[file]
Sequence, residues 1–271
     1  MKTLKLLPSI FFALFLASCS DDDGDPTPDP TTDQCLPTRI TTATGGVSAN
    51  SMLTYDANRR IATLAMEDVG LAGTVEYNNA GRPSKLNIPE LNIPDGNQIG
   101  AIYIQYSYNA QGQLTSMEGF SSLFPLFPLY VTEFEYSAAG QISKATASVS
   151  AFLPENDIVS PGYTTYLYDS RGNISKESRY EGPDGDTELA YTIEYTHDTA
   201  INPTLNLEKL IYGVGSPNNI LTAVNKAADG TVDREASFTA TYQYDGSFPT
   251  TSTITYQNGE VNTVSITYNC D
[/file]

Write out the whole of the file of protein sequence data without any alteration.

Sequence, residues 1–271
     1  MKTLKLLPSI FFALFLASCS DDDGDPTPDP TTDQCLPTRI TTATGGVSAN
    51  SMLTYDANRR IATLAMEDVG LAGTVEYNNA GRPSKLNIPE LNIPDGNQIG
   101  AIYIQYSYNA QGQLTSMEGF SSLFPLFPLY VTEFEYSAAG QISKATASVS
   151  AFLPENDIVS PGYTTYLYDS RGNISKESRY EGPDGDTELA YTIEYTHDTA
   201  INPTLNLEKL IYGVGSPNNI LTAVNKAADG TVDREASFTA TYQYDGSFPT
   251  TSTITYQNGE VNTVSITYNC D